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Reference Number EP/T01136X/1
Title AMS-UK: A UK Accelerator Mass Spectrometry Facility for Nuclear Fission Research
Status Started
Energy Categories NUCLEAR FISSION and FUSION(Nuclear Fission, Nuclear supporting technologies) 100%;
Research Types Basic and strategic applied research 100%
Science and Technology Fields PHYSICAL SCIENCES AND MATHEMATICS (Chemistry) 100%
UKERC Cross Cutting Characterisation Not Cross-cutting 100%
Principal Investigator Professor MJ Joyce
No email address given
Lancaster University
Award Type Standard
Funding Source EPSRC
Start Date 01 November 2019
End Date 31 May 2023
Duration 43 months
Total Grant Value £2,790,521
Industrial Sectors Energy
Region North West
Programme National Nuclear Users Facility
Investigators Principal Investigator Professor MJ Joyce , Engineering, Lancaster University (100.000%)
Web Site
Abstract Phase 2 of the National Nuclear User Facility is a significant investment in science and engineering facilities and apparatus to support nuclear fission research on radioactive samples in the UK. This proposal is submitted under this initiative and concerns a very sensitive technique for the assessment of a significant group of radioactive elements produced in nuclear reactors: the actinides. The actinides are amongst the heaviest known elements, formed as a result of neutron capture on uranium. They are all radioactive, to a greater or lesser degree, and several are very long-lived. The combination of their radioactivity and chemistry renders some significant radio toxins that have be managed and stored carefully. The most significant is plutonium, which is often present in the form of the isotope 239Pu and to a lesser extent, 238Pu, 240Pu, 241Pu, 242Pu and occasionally 244Pu.Plutonium is effectively extinct on Earth as a natural product of the Big Bang because its half life is too short to have survived. However, minuscule quantities are known to have formed in geological deposits that are naturally rich in uranium, via natural neutron capture processes on the most abundant uranium isotope, 238U, in these ores. Plutonium has been re-introduced to the environment, predominantly as a result of atmospheric nuclear weapons testing in the 1950-1990 period (fallout), but also as a result of nuclear reactor accidents (Chernobyl and Fukushima) and the dispersion of effluents from nuclear reprocessing activities: in the UK this is thought to be most significant due to activities at Sellafield and Dounreay.The high radio-toxicity of plutonium requires that materials contaminated by it are managed and stored very carefully, especially since large quantities are soils from contaminated land and building materials from contaminated structures. However, how do we discern what was there before, often in a wider context (from fallout and natural arisings in uranium-rich ores), from what has been dispersed locally? Simply 'detecting' plutonium is not sufficient because, whilst radioactive, it is usually dispersed at such minuscule levels there is not enough to provide enough radiation to detect it on a practical basis. Special samples can be made and the alpha radioactivity counted from these, but this does not allow individual isotopes to be discerned, which is an important requirement: fallout material is often rich in the heavier isotopes (242Pu and 244Pu) whereas material from nuclear reactors tends to be rich in 239Pu, 240Pu and 241Pu. In this proposal, we recommend investing in a recently-established capability to measure plutonium isotopes by their mass rather than their radioactivity. The isotopes are accelerated from a sample into which the plutonium has been extracted by dissolution, and dispersed in a magnetic field. They are ionised and collected in a particle detector where their position (as a result of the magnetic fielddeflection) and their rate of energy deposition are used to identify them, usually as a ratio of the rare isotope to an abundant alternative, where the latter can be introduced artificially to highlight the rare variant. This approach is called accelerator mass spectrometry. Until recently, this relied on large machines at particle accelerator facilities and was very expensive. Now, commercial systems are available that are smaller and cheaper, but the UK does not have one despite being the custodian of the largest stockpile of civil-separated plutonium. This proposal recommends that one of these is installed at Lancaster University, for external usage by the whole nuclear fission community. This is an important proposal because the UK Government committed to an agreement, the 'nuclear sector deal', which requires that businesses reduce the cost of decommissioning by at least 20%. Improved plutonium assay of contaminated materials will make a significant contribution to this aim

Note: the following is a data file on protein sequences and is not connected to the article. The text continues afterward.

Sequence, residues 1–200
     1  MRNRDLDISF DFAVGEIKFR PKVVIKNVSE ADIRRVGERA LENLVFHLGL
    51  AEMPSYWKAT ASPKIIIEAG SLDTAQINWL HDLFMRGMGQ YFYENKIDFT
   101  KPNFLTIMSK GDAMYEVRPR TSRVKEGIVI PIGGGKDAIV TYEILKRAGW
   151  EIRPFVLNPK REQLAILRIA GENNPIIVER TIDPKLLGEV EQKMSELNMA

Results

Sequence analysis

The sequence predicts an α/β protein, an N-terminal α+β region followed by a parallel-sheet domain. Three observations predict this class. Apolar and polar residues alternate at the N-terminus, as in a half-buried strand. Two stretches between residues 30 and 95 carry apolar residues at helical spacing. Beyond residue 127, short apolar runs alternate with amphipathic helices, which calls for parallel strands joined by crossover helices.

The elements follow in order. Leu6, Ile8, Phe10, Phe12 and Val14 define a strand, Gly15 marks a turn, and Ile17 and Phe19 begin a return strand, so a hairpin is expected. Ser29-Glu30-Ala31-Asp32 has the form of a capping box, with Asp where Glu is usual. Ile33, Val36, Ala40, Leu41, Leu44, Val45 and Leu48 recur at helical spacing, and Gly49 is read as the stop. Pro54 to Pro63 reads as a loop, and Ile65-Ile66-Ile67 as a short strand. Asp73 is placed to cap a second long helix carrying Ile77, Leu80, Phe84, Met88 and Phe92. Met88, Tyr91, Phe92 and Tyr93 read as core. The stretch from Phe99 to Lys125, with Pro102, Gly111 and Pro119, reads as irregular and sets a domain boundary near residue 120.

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Added to Database 19/05/20